A box office disappointment when it was first released, the film tells the story of Bastian (Barret Oliver), a young boy who finds a book called 'The NeverEnding Story' and sneaks into the school attic to avoid school bullies. As he reads, he discovers that the fantasy land in the story – Fantasia – is in desperate need of a human child to fend off the impending doom of The Nothing.

That child? Bastian himself.

Directed by Wolfgang Petersen (later of Air Force One and Troy fame), many eighties films of the same ilk, it has gained a big following in the decades since its release.


2. The Princess Bride (1987)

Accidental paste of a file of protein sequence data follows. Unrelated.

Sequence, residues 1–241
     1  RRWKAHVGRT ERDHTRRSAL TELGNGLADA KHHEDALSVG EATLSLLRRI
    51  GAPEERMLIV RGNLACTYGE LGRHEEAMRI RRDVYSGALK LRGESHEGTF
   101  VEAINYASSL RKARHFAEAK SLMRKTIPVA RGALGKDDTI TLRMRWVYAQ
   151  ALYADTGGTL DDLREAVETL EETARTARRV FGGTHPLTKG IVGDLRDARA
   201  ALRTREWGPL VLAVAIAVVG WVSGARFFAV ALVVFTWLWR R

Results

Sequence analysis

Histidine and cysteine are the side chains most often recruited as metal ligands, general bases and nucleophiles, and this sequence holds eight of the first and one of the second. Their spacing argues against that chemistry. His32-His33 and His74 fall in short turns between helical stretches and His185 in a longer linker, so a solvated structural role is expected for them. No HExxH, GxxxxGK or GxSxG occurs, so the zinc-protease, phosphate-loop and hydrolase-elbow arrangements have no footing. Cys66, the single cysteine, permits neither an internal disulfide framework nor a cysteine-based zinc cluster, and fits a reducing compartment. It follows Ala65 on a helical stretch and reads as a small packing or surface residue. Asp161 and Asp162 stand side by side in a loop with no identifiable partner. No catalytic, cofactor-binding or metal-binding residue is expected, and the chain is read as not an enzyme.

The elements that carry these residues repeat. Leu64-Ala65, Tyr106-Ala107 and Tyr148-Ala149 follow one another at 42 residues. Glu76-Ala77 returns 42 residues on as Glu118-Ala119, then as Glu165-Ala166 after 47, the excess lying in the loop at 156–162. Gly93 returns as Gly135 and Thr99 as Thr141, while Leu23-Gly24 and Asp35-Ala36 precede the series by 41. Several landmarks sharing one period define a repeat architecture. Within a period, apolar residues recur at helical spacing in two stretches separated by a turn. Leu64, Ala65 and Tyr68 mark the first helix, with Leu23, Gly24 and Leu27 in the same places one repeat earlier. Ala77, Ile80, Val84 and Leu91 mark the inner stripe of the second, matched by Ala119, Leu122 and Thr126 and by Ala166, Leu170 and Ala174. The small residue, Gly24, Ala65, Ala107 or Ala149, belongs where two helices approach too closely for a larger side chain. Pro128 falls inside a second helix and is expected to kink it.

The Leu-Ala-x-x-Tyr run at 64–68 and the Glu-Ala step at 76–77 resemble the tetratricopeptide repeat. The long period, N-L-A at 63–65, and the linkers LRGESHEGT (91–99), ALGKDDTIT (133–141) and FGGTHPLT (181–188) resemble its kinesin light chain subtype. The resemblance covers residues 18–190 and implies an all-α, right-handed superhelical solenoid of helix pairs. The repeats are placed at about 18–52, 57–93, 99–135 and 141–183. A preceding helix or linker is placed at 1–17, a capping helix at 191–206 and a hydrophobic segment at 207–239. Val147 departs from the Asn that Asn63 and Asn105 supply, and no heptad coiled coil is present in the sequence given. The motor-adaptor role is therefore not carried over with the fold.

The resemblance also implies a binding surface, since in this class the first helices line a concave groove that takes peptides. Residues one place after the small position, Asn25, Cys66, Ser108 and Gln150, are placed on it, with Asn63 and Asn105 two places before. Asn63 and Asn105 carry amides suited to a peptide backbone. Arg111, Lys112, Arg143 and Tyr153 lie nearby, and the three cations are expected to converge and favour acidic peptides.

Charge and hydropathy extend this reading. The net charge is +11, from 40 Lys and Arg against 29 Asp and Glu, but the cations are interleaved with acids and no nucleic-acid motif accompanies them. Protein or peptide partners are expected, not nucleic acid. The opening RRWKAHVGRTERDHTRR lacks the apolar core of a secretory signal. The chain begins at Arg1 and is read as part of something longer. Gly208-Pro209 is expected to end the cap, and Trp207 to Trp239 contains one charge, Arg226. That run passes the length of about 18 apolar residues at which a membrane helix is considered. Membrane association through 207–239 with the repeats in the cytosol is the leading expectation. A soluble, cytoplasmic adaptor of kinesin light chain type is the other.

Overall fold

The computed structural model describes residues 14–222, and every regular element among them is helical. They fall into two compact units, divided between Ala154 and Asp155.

"My name is Inigo Montaya. You killed my father. Prepare to die." Those immortal words come from Spanish fencing master played brilliantly by Homeland star Mandy Patinkin in Rob Reiner’s evergreen classic. It's a film that continues to thrive, even being inducted into the National Film Registry for its cultural significance.

Similar to The NeverEnding Story, the film was not a huge box-office success on its original release in the autumn of 1987, but its legacy has grown exponentially over the decades and it's now a fully-fledged classic.

A 'frame story' if ever there was one, The Princess Bride is the book that Grandad (Peter Falk) is reading to his grandson (Fred Savage) while he is sick in bed. It tells the story of Westley (Cary Elwes), a farmhand who sets off to rescue Princess Buttercup (Robin Wright) – his true love – from the dastardly Prince Humperdinck (Chris Sarandon).